On the one hand, there's nothing tastier than an avocado in a salad, or a burrito, or an omelet... I could go on, but the point is that I've never met an avocado recipe I didn't like.
The problem is that avocados take their sweet time to ripen, and it's usually not in time for the meal I planned to use them in. And patience is not my strong suit.
Our world has become so instant that I start to get the shakes if the ad before my YouTube video goes on for more than 8 seconds. Email is too slow so we text each other. I recently read that Millennials aren't even eating cereal because it takes too long.
I guess I'm not the only one with a patience deficit.
Maybe that's why a particular talk in the last General Conference called "Fourth Floor, Last Door" stuck out to me so much.
In this talk, President Dieter F. Uchtdorf tells the story of two missionaries who felt a spiritual prompting to go knock on doors in a certain four-story apartment building in Germany, looking for someone to share their message with.
When everybody on the first floor told them they weren't interested, they could have turned around and said "Well, we tried."
But they went on to the second floor and then the third... where they were rejected as soundly as they were on the first.
In fact, nobody was willing to listen to them until they reached the very last door on the fourth floor, where there lived a mom and her little girl.
That was the story of President Uchtdorf's wife's introduction to the Church of Jesus Christ of Latter-day Saints (Mormons,) but it has special application to all of us. He reminds us all that:
“In our search for enduring faith, in our quest to connect with God and His purposes, let us remember the Lord's promise: 'Knock, and it shall be opened unto you' (Matthew 7: 7.)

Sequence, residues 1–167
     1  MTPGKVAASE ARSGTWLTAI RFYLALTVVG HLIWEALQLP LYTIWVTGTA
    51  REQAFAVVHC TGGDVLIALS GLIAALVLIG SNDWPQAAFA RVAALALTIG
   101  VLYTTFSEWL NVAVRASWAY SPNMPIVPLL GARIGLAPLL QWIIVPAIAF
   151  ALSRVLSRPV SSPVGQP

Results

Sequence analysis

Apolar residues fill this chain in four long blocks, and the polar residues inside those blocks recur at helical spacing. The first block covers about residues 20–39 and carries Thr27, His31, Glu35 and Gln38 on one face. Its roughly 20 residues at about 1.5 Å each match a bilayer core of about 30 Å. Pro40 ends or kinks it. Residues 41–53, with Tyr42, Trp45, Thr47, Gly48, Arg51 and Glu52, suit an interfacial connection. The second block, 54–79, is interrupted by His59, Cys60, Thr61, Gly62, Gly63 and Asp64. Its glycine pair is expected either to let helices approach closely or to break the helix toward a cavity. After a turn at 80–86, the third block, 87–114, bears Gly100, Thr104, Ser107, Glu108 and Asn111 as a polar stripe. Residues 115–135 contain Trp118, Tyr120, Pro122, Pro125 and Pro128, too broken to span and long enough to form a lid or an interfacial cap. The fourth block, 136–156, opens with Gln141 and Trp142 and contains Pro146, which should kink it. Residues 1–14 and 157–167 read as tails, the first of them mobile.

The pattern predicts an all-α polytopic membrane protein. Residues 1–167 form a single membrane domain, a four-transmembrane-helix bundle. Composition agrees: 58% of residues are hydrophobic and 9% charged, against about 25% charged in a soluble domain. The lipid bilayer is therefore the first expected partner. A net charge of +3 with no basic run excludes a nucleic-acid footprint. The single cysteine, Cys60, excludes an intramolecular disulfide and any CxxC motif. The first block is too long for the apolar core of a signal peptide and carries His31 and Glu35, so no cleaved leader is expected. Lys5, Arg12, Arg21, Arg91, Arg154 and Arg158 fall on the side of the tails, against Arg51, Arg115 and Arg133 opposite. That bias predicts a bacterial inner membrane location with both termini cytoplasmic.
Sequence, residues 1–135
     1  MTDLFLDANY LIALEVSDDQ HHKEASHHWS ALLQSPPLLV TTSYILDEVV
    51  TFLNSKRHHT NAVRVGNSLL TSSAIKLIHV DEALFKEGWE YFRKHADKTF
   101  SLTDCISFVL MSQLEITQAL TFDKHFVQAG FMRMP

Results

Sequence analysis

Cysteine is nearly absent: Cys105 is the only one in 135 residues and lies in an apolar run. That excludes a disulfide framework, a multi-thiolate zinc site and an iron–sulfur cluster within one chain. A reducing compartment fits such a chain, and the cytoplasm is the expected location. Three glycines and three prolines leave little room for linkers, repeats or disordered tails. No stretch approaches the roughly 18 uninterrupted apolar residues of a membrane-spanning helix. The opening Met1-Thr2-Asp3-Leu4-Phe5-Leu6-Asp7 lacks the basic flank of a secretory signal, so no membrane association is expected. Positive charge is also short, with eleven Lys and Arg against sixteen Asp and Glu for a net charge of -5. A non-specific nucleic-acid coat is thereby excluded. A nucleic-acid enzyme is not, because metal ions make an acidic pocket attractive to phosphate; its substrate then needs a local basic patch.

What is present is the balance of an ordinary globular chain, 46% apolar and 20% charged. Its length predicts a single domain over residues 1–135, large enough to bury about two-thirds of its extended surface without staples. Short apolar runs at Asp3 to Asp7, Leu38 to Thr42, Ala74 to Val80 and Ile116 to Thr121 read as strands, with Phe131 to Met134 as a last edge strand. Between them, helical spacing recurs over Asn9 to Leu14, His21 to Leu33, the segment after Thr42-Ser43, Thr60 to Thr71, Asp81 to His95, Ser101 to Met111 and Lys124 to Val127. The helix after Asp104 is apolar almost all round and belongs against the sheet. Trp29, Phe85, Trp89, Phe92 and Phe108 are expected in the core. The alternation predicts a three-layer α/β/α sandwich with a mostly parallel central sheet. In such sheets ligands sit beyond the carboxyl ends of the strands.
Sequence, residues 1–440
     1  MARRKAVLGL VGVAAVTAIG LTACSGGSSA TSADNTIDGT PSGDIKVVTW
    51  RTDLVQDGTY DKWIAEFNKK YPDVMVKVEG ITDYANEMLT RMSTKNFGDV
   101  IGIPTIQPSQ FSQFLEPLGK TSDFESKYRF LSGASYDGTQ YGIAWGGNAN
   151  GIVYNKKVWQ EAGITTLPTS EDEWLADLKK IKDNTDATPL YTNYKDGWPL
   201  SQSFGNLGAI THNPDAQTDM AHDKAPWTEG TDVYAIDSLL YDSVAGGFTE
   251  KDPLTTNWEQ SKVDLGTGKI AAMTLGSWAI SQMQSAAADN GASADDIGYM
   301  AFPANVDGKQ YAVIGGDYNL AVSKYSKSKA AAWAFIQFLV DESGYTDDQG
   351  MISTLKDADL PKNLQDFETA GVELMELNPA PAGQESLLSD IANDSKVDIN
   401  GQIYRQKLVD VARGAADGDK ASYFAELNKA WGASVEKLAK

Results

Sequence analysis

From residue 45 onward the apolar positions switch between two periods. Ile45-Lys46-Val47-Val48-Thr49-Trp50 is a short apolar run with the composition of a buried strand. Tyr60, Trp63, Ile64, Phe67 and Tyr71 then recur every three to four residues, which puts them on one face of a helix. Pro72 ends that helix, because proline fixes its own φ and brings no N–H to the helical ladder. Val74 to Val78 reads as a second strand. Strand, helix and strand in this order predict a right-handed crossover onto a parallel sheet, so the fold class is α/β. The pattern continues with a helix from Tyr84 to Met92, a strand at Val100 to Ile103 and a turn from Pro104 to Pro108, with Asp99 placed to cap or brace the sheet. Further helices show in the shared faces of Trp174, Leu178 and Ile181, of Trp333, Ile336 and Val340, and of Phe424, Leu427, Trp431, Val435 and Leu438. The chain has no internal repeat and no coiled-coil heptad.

Will we give up after knocking on a door or two? A floor or two?
Or will we keep seeking until we have reached the fourth floor, last door?”
Prayer, at its simplest, is a way of knocking at God's door. Sometimes His response might be instantaneous and unmistakable, but more often (at least for me,) it's a gradual process.
If I keep praying and don't give up, over the coming weeks and months and sometimes years I'll feel Him answering me, bit by bit and piece by piece.
Even though it can be frustrating, I think that works better for me than getting it all at once, lightning bolt-style. The things I value most are the things I have to work for. Or, as Tom Hanks in A League of Their Own put it, "the 'hard' is what makes it great." (Love that movie.)
Developing true faith requires patience and diligence. Sometimes we may have to knock for a while before receiving an answer to a heartfelt prayer. Until we get that answer, we have to go on the faith we've got already, and try not to get discouraged or give up.
That's easy to say, not so easy to do.
It's easy to get frustrated with ourselves or even with God when we don't feel we're experiencing Him as closely as we'd like to. But I think that on the whole, we can be too hard on ourselves.
It's okay to have questions, to struggle with doubts, or to feel that our faith has room for improvement.
If we had all the answers then what would we do with the rest of our lives, anyway? God sent us here to learn to have faith in Him, and I think He knew we wouldn't become perfect at it overnight.
Having patience with ourselves and the Lord's timing isn't easy. But I like to think of myself (and all of us, really) as unripe avocados.
If you Google it, there are dozens of so-called methods to get an avocado to ripen faster, and they're all lies. (I know, I've tried them.) The only thing that works is setting them out on your kitchen counter and letting the natural process take its course.
It takes time to get answers to prayers and to build a testimony (that's what Mormons call a spiritual witness from the Holy Spirit.) So let's be patient with ourselves and let the Lord do His thing to help us ripen.
President Uchtdorf says: "God 'rewards those who earnestly seek him' (Hebrews 11: 6,) but that reward is not usually behind the first door. So we need to keep knocking."
Simply put, God's not done with us yet, so let's not give up on Him!
A version of this post was first given as a Sunday lesson at my church this past weekend. To find out why I was teaching anything to a room full of women who are probably smarter than me, see this article.